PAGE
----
A lens arrangement is mounted at the proximal end of the speculum, including lens 30 mounted in lens frame 32. Frame 32 is retained by screw 34 in an upstanding ledge portion of speculum body 19 and includes a projecting tab section 32a which is positioned so that the lens frame arrangement can be conveniently pivoted into and out of position. In its upwardly pivoted position as shown in FIG. 1, the lens is completely removed from the field of view and the rear of the speculum is open. When pivoted into closed position as shown in the cross section of FIG. 4 the lens completely covers the proximal end of the speculum and seals the speculum body. The magnification of lens 30 is selected such that the focal point of the lens will be slightly beyond the distal end of the disposable tip 20 when in position.
Illumination of the distal end of the speculum is provided by bulb 40 which is adapted to be received within a bulb sleeve 42 mounted within the speculum body 19. Bulb sleeve 42 is mounted below the center of the speculum to permit observation of the field of view over and around the bulb sleeve.
Bulb 40 (best seen in FIG. 2) is adapted to have both positive and negative side contacts as opposed to the conventional side negative, rear positive arrangement usually used. To accomplish this, bulb 40 includes an evacuated bulb envelope 44 which encloses a filament (not shown) in conventional fashion and may have lens tip section to concentrate light in a forward direction in known fashion. Projecting rearwardly from bulb envelope 44 are filament legs 46a and 46b adapted to be connected across a source of electrical power to illuminate the bulb. Envelope 44 is fixed within a bulb sleeve 48 which includes a forward section 48a having a first diameter adapted to fit and receive bulb envelope 44 and a rearward section 48b having a relatively smaller diameter. The forward section 48a has a substantially constant interior diameter from its forward end to the point where the interior diameter begins to narrow into the rearward section. However, the outer diameter of the forward section is reduced adjacent its forward edge 48c to create a ledge which will be useful in positioning the bulb as described hereinafter. The rearward section 48b is slit from the rear end thereof to a point in the rear section 48b. As shown in FIG. 2, this slit is vertical with the cross section being taken in the middle of the slit. The slit in section 48b is more clearly shown in the cross sectional view of FIG. 3. The interior of the rear of section 48b is threaded at 48d to accept a screw-cap 50.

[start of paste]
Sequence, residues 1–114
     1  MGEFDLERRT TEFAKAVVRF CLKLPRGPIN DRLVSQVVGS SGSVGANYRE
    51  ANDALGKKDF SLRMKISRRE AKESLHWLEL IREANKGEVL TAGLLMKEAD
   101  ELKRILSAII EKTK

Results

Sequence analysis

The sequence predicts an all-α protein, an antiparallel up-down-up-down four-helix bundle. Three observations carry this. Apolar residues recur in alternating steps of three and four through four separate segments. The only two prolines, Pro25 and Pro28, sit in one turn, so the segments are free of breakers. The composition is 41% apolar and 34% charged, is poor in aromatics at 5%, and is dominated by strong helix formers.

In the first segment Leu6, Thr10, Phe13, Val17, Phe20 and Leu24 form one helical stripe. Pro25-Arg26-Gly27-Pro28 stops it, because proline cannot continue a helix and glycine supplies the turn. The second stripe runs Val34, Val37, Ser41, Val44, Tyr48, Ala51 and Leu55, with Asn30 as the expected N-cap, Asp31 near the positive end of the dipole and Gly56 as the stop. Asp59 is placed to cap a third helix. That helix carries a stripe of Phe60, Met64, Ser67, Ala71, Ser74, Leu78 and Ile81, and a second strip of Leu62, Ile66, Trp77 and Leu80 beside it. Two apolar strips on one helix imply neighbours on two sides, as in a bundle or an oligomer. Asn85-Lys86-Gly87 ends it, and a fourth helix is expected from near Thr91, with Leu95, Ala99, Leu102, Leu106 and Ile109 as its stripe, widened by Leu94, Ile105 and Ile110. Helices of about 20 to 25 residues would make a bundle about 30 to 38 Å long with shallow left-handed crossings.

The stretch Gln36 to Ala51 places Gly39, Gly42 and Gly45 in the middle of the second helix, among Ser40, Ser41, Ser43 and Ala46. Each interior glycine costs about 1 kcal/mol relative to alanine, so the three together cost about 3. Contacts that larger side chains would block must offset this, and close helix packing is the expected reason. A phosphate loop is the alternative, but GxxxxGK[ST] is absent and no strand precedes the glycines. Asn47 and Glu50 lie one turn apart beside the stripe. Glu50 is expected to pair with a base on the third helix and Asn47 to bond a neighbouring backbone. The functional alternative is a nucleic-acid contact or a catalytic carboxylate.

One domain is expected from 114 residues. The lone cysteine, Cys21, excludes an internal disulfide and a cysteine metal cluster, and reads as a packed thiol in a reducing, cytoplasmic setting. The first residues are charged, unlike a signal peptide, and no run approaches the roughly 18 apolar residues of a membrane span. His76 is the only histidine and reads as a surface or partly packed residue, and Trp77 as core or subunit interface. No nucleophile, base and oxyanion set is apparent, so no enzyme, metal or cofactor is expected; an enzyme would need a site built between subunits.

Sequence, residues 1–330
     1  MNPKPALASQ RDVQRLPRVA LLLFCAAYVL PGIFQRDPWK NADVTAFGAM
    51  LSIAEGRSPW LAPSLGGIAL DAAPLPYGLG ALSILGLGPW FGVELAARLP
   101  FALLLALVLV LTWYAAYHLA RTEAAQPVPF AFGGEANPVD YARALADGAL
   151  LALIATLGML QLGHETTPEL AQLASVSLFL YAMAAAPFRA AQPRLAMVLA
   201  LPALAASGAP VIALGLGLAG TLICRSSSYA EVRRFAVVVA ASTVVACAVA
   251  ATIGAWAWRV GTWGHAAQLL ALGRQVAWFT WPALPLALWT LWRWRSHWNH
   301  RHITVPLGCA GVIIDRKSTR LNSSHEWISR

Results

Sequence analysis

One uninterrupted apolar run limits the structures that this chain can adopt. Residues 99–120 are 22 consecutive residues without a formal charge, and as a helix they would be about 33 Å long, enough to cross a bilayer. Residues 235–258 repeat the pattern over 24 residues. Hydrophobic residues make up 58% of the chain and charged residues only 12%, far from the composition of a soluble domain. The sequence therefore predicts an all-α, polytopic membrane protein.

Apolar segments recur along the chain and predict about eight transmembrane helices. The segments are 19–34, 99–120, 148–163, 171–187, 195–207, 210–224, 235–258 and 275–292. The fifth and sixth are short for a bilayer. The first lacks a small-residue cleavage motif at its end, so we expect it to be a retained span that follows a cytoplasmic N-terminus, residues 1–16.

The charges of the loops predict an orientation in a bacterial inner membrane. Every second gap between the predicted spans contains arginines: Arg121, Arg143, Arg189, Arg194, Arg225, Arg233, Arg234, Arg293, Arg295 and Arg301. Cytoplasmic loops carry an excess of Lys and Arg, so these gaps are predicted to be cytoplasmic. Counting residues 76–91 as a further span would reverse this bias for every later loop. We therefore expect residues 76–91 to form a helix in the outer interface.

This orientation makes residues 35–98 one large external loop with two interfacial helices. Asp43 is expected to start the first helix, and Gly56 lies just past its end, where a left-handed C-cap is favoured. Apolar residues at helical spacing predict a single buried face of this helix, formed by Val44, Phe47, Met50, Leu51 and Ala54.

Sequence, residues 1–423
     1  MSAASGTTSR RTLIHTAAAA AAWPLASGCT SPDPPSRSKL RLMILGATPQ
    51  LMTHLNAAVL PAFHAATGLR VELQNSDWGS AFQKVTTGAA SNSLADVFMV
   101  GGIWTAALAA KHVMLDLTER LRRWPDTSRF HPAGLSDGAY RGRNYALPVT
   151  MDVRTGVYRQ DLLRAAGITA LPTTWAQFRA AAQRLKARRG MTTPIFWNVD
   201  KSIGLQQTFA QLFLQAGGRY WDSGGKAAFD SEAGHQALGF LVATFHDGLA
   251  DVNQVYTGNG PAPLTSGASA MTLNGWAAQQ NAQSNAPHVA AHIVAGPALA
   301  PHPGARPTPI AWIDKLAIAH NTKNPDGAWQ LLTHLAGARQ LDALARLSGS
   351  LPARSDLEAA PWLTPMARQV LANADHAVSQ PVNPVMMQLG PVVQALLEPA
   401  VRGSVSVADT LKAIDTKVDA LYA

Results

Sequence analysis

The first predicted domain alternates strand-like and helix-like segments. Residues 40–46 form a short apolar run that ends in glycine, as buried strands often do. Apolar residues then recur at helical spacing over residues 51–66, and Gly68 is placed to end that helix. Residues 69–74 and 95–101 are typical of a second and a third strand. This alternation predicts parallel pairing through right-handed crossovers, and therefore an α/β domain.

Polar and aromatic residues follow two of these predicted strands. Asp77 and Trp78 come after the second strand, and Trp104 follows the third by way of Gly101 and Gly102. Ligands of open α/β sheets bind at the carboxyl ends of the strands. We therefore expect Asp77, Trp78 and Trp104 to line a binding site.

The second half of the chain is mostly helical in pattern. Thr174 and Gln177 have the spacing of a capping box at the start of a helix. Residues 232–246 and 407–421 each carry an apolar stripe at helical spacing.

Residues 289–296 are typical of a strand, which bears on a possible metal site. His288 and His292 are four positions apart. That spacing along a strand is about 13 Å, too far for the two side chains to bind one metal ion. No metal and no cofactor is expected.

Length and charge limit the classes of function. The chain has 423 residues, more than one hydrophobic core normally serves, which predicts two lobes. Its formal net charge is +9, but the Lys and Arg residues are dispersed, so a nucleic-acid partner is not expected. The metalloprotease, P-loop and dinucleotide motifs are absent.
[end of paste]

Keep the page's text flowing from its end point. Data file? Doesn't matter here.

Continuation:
Filament legs 46a and 46b project rearwardly from bulb envelope 42 in the interior of rear section 48b and respectively bend radially outwardly through the slots to the exterior of section 48b, with leg 46b bending downwardly through the lower slot as shown in FIG. 3 and leg 46a turning upwardly through the upper slot.
A positive contact ring 52 is slipped over the rearward section 48b of the bulb chassis until it abuts against a ledge 48e in the central region of the bulb structure. Annular ring 52 is of a metallic conductive material. As will be seen in FIG. 2, the lower filament leg 46b which turns downwardly through the lower slot is bent forward on the exterior of rear section 48b and conductive ring 52 fits over leg 46b making contact with the leg. Annular ring 52 thus becomes a positive side contact terminal for the bulb.
A ring of insulating material 54 is positioned over the reduced diameter section 48b to separate the positive contact ring 52 from a negative contact ring 56 which is then positioned on the rear section 48b behind insulating ring 54. As seen in FIG. 2, filament leg 46a passes up through the upper slot and is turned back forwardly prior to the positioning of ring 56 so leg 46a makes electrical contact with ring 56 which then becomes the negative bulb contact.